Gimme 5: Sources for Expository Texts

Thursday, October 22, 2015
explained by Suzanne

With the changes to state assessments in Texas, even more focus is placed on expository. (Feeling lost?  The state decreased the length of the tests and cut 4th and 7th grade writing tests to 1 day with 1 essay- the expository.)

I like the way that Lori framed what we should do now: "Our task has not changed. However, it is important that we help students to read expository texts with a writer's eye."

One difficulty that comes with this charge is having access to engaging, short expository texts that students can read and work with in one class period.  Let's face it- the textbook and released passages are only so interesting!

Here are 5 great sites that provide texts and, in many cases, resources: (I ranked them in ease and frequency of use.*)
*This study is scientific in that the only subject was me. :)

This site is managed by the Smithsonian and provides access to current event articles.  Here why you'll love it: You can change the Lexile for the article!  I know- it's awesome!  This can provide all students with access to the same content on a reading level that is most appropriate for them.  You could also use it for a slamma-jamma lesson on diction.  How did the author change their vocabulary to cater to a different audience?  What is the best word for the job in this sentence and why?

Kelly Gallagher's Article of the Week
If you've read this blog for any length of time, you knew this was coming.  We've blogged about the wonders of the AoW and how we utilized it here.

Text Exemplars from Common Core
I'm from Texas, the land of the TEKS, but good literature is good literature.  The Common Core put together this appendix of teeny tiny texts for K-12.  All genres are present: literary, expository, and poetry.  It is a perfect place to look when you need a text that can fit on one page.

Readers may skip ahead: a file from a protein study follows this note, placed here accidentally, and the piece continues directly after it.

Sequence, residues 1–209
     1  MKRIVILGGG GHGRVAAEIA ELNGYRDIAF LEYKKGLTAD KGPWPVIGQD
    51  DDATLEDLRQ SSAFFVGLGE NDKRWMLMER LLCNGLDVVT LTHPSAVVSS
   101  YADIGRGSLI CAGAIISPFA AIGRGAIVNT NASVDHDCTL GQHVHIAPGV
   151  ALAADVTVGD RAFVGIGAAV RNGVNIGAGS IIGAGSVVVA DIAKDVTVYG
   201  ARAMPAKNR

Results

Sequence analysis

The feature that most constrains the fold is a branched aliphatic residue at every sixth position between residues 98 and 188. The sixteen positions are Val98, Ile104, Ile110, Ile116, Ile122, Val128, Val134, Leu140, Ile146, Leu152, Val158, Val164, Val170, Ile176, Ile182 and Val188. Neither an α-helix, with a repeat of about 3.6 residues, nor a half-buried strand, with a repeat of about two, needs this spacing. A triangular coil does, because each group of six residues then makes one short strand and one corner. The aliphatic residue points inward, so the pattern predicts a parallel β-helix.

I wonder why snails leave a slime trail.  I wonder why we swing our arms when we walk.  Okay, well I don't really lie awake pondering these things, but someone does.  Wonderopolis tackles a different wondering each day.  You can also search their chronicles for something specific.  Texts are well written and include great vocabulary.  Most wonderings include a quick video to activate prior knowledge or provide a visual of the topic.  

This one I recommend only because we're friends and I know that I can trust you.  ReadWorks provides a ton of lessons and reading passages. It is easy to sort by grade level, genres, and skill focus.  You do have to sign up, but it's free.  So here's my trepidation- this site would be so easy to misuse.  If you know someone who is the Mayor of Packet City, please don't pass tip along.  You however have a trillion ways to use the text and questions in an engaging, practice without penalty kind of way.  Need a reminder?  Check our our Relevant Review series.  

Hope this gives your writer's eye lots of good stuff to look at!

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